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Current status and challenges: Molecular and immunological diagnostic tests of COVID-19 pandemic

By 10th November 2020No Comments

The following study was conducted by Scientists from Center for Systems Biology, Massachusetts General Hospital Research Institute, Boston, Massachusetts, USA; Department of Radiology, Massachusetts General Hospital, Boston, Massachusetts, USA; Department of Systems Biology, Harvard Medical School, Boston, Massachusetts, USA. Study is published in iScience Journal – Cell Press Publishing as detailed below.

iScience Journal – Cell Press Publishing (2020)

Molecular and Immunological Diagnostic Tests of COVID-19 – Current Status and Challenges


1 COVID-19 pandemic highlights the importance of fast, accurate diagnostics.

2 Molecular test are gold standard for initial COVID-19 confirmation.

3 Immunoassays provide complementary information on ongoing and past infection.

4 New innovations are emerging for faster, point-of-care COVID-19 detection.


Rapid spread of coronavirus disease 2019 (COVID-19) is ravaging the globe. Since its first report in December 2019, COVID-19 cases have exploded to over 14 million as of July 2020, claiming more than 600,000 lives. Implementing fast and widespread diagnostic tests is paramount to contain COVID-19, given the current lack of an effective therapeutic or vaccine. This review focuses on a broad description of currently available diagnostic tests to detect either the virus (SARS-CoV-2) or virus-induced immune responses. We specifically explain the working mechanisms of these tests and compare their analytical performance. These analyses will assist in selecting most effective tests for a given application, for example, epidemiology or global pandemic research, population screening, hospital-based testing, home-based and point-of-care testing, and therapeutic trials. Finally, we lay out the shortcomings of certain tests and future needs.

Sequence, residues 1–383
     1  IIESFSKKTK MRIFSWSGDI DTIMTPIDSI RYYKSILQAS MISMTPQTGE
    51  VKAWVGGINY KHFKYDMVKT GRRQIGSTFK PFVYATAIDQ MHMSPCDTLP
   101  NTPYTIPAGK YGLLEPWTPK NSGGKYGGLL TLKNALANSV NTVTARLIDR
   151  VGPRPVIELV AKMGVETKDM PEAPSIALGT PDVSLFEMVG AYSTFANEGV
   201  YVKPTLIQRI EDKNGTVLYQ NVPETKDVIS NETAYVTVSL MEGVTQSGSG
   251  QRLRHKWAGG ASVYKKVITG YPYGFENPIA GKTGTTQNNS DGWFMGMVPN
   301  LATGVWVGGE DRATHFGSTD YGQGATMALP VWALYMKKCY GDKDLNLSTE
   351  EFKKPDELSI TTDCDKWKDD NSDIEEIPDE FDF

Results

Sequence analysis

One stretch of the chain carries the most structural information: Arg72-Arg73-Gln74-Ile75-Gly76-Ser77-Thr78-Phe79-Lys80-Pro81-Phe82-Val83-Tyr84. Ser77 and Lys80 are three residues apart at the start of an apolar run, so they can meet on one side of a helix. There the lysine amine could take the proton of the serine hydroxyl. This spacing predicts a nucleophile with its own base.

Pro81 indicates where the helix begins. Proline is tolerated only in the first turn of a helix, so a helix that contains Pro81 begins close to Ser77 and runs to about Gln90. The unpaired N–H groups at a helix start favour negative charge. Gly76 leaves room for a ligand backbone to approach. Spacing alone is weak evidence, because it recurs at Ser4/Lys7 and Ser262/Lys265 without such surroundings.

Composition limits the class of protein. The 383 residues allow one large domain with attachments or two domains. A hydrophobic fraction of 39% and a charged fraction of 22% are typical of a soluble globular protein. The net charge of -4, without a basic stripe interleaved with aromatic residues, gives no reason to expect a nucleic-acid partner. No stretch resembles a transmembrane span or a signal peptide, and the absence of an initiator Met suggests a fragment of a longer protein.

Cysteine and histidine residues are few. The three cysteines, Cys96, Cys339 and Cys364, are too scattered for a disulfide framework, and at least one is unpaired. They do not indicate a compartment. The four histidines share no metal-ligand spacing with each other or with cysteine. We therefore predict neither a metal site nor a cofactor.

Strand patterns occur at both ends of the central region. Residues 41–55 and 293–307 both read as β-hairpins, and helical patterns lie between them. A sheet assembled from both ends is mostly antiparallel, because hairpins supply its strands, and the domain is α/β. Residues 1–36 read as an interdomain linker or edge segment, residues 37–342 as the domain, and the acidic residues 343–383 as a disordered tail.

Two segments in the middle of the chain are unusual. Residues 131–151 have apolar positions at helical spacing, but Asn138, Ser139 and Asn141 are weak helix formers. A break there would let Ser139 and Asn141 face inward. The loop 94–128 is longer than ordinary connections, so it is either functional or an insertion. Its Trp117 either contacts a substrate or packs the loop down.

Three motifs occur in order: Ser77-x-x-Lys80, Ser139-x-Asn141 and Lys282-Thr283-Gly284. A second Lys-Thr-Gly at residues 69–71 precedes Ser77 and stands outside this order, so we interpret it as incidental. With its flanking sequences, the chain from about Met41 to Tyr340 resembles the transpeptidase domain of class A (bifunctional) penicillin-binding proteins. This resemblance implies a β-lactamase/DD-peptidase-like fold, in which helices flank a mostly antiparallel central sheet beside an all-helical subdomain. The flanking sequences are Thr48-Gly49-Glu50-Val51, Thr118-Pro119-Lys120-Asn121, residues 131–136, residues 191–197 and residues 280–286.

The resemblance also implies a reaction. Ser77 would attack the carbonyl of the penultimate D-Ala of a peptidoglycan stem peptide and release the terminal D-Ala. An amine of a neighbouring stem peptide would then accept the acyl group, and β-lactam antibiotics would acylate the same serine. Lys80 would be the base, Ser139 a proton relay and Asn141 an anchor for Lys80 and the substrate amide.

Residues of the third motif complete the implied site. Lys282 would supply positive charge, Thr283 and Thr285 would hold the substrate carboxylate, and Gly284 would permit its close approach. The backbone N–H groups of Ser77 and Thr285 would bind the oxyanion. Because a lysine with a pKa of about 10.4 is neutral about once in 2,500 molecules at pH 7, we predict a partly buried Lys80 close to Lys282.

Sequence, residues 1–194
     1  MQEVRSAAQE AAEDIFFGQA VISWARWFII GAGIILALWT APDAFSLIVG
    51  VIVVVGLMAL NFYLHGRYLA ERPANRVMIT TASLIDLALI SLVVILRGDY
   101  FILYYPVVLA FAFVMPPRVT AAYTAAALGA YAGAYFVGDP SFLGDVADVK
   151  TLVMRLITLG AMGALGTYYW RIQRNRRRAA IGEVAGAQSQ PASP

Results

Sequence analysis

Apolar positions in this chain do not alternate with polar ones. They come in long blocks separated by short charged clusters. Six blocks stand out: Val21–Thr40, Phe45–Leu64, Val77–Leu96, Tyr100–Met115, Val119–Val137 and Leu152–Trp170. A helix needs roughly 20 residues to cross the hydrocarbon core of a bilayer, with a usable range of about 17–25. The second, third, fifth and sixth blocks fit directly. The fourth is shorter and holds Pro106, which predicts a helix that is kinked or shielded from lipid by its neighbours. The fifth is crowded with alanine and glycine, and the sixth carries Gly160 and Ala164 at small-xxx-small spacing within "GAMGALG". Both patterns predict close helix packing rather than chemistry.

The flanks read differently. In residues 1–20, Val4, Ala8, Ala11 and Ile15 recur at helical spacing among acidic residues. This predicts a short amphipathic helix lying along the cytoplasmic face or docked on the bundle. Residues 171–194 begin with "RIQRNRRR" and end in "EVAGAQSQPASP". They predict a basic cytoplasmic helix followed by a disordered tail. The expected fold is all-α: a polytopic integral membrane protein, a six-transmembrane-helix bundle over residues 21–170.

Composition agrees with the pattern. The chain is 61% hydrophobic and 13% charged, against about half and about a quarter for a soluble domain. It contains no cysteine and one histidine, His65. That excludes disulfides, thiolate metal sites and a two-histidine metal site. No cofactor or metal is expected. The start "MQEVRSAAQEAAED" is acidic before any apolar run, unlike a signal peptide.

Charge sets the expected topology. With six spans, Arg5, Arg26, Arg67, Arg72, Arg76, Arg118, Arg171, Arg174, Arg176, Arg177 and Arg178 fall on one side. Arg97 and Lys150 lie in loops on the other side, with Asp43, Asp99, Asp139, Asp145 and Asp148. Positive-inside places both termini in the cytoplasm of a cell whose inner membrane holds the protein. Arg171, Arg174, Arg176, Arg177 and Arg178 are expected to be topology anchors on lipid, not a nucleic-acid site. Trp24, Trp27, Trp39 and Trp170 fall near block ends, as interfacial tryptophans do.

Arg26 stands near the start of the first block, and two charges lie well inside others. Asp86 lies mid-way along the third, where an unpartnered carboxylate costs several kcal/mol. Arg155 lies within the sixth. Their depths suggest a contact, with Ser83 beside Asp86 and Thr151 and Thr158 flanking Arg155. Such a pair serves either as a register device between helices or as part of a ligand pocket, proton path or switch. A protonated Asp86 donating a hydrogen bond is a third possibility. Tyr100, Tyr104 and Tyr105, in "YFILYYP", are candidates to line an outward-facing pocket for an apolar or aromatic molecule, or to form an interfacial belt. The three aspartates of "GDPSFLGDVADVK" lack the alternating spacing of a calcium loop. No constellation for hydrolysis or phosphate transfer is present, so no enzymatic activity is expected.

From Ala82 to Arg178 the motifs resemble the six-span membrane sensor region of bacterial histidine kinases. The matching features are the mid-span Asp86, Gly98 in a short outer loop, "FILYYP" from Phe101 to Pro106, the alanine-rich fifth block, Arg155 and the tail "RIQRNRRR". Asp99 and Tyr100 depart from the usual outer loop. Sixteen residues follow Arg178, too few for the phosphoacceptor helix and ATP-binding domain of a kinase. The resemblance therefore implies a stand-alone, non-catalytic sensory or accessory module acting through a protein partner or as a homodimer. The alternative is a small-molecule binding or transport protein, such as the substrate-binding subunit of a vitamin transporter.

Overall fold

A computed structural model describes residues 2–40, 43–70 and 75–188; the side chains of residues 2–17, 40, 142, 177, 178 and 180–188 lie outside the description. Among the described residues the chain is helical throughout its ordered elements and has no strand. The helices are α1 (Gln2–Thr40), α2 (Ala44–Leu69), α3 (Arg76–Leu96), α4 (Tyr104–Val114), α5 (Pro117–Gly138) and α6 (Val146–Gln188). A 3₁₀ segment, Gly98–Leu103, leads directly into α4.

iScience Journal – Cell Press Publishing



Kilic, T., R. Weissleder, et al. (2020). “Molecular and Immunological Diagnostic Tests of COVID-19: Current Status and Challenges.” iScience 23(8): 101406.